Title: Ordinary Magic [Amazon|GoodReads]
Author: Caitlen Rubino-Bradway
Standing: Stand alone novel.
Genre: Middle Grade, Fantasy
Published: May 8th, 2012 by Bloomsbury USA
Format: Kindle edition; 288 pages.
Source: ARC from publisher via NetGalley.
Challenge: YA/MG Fantasy Challenge
In Abby’s world, magic isn’t anything special: it’s a part of everyday life. So when Abby learns that she has zero magical abilities, she’s branded an “Ord”—ordinary, bad luck, and quite possibly a danger to society. The outlook for kids like Abby isn’t bright. Many are cast out by their families, while others are sold to treasure hunters (ordinary kids are impervious to spells and enchantments). Luckily for Abby, her family enrolls her in a school that teaches ordinary kids how to get around in a magical world. But with treasure-hunting kidnappers and carnivorous goblins lurking around every corner, Abby’s biggest problem may not be learning how to be ordinary—it’s whether or not she’s going to survive the school year!
I tried with Ordinary Magic, I really did. I read every word of this book even though I kind of wanted to add it to the DNF pile long before the last page. I was so disgusted, appalled, and confused by the world that Caitlen Rubino-Bradway built that I could not click with Ordinary Magic at all. When I first saw this title pop up on NetGalley, I decided to try it because I love middle grade, and it sounded cute. To me, I was imagining that it would be like “Story of a Squib”—the tale of an unmagical kid born into a magical world. I didn’t realize how abhorrent the story would be.
Here’s the deal: “ords” in this society are nothing. They’re worse than just a disappointment to their families, because most of the time, they’re no longer even considered people. This made zero sense to me. I get that you could compare it to some families’ reactions to finding out their kid is homosexual, or compare it to how slaves were treated in this country’s early history, but none of that could really add up for me. I can’t understand how an entire society could find it acceptable to treat ord kids—kids they had raised and loved as friends, siblings, children until the age of 12—like worthless property. It was generally accepted that these children could be sold, used for dangerous tasks, and they were despised to the point of people not touching them as if they were catching—this later treatment reminding me of the horrible way those with AIDS can be treated. I guess I see what Caitlen Rubino-Bradway was doing here in turning these children into social pariahs, but I just don’t buy that these extremes could ever crop up, particularly in a society that seems very modern.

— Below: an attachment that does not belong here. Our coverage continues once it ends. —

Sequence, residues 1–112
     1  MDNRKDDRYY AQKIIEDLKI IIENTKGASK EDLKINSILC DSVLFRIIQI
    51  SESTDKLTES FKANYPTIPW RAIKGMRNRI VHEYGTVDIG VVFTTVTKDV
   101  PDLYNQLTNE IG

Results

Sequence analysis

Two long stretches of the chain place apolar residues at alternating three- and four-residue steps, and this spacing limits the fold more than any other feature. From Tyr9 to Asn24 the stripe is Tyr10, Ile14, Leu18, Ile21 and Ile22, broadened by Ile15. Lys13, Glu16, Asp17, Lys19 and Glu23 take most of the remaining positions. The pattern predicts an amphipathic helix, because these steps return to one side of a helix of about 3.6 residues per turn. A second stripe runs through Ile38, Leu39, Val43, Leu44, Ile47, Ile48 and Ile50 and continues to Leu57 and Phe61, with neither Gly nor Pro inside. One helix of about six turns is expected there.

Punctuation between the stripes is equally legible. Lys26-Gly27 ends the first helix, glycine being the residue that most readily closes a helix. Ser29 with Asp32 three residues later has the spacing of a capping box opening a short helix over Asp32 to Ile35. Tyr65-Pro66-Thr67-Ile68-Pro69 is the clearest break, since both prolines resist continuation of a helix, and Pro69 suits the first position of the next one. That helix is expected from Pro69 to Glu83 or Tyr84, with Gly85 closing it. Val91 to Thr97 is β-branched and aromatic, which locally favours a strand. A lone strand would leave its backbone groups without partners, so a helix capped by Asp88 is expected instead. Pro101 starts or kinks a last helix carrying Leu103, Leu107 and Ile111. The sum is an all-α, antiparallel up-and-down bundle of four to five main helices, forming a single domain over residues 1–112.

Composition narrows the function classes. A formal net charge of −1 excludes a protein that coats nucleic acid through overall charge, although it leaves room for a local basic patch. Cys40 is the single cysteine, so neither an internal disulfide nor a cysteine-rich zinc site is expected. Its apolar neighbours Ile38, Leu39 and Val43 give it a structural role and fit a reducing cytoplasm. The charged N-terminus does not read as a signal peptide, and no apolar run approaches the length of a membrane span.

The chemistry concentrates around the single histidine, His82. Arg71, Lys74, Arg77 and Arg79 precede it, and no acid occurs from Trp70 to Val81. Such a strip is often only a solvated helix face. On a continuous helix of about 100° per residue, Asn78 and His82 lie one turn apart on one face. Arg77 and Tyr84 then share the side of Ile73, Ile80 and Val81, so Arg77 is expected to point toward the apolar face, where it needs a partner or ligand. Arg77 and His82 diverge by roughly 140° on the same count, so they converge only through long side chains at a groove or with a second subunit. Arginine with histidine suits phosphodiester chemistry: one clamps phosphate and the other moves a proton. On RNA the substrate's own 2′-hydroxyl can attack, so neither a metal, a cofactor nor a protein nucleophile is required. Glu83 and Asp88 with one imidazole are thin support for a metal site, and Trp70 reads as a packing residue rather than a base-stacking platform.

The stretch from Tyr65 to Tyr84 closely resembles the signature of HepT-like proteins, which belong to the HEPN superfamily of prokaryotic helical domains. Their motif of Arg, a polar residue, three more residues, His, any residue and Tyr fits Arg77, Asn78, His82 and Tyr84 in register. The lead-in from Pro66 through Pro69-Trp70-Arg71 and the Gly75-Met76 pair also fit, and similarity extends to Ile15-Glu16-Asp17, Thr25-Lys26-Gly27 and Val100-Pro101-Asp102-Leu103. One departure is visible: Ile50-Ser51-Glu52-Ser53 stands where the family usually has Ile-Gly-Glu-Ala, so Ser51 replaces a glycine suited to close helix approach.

And that’s another thing I didn’t get about this book. When it is determined that Abby is an ord, at her Judging at age 12, her family has to drain magic from the house so that she can access things (like the sink) without help, since all of these things are usually controlled by magic. This makes no sense given that prior to finding out, she wasn’t allowed to use magic and would need help for these same things…so she was 12 and could never get a box of cereal from the cupboard or wash her hands after she peed? Right…
Then there’s the reality that magic can not directly affect ords. It can affect things around them (aka, you could light their clothing on fire), but not them. And you can buy magic-proof clothing. So essentially, all of these magic people are running around with no idea how to fight physical fights, and the ords could kick their butts handily, but don’t. I get the whole, they’re the vast minority, and society represses them in part because they are scared thing, but again…it doesn’t add up for me. If a society has become this advanced, there’s a pretty good chance that such an oppressed group with such potential power would have at some point banded together and rebelled.
I thought the school could be fun and cute, but honestly I found it rather boring. The only highlight being that they taught kids to kick the crap out of one another. It seemed as if there should have been a storyline developing from Abby working in the kitchen, but it never really came to anything. In fact, I expected Abby and the other ord children to find some inner power and strength that was magical in its own right, but I didn’t really feel like they ever did.
I was glad to see that this society was changing, that the King had outlawed the selling of ords and the authorities seemed like good people, but I just expected more from this story. I will say that Abby’s family was fantastic and the best part of this book. Her parents loved unconditionally, and she had four older siblings—two sisters, two brothers (just like me!) that were all fun, unique, and invested in their little sister. I think my favorite thing about Ordinary Magicwas Abby’s brother Gil, who wrote popular romance novels under a woman’s name.Likelihood that I’ll be back for more: Slim to none.
Recommended for: Eh, I have a hard time recommending this one to anyone to be honest, but I will include links to some more positive reviews which I encourage you to check out so that you can decide for yourself.
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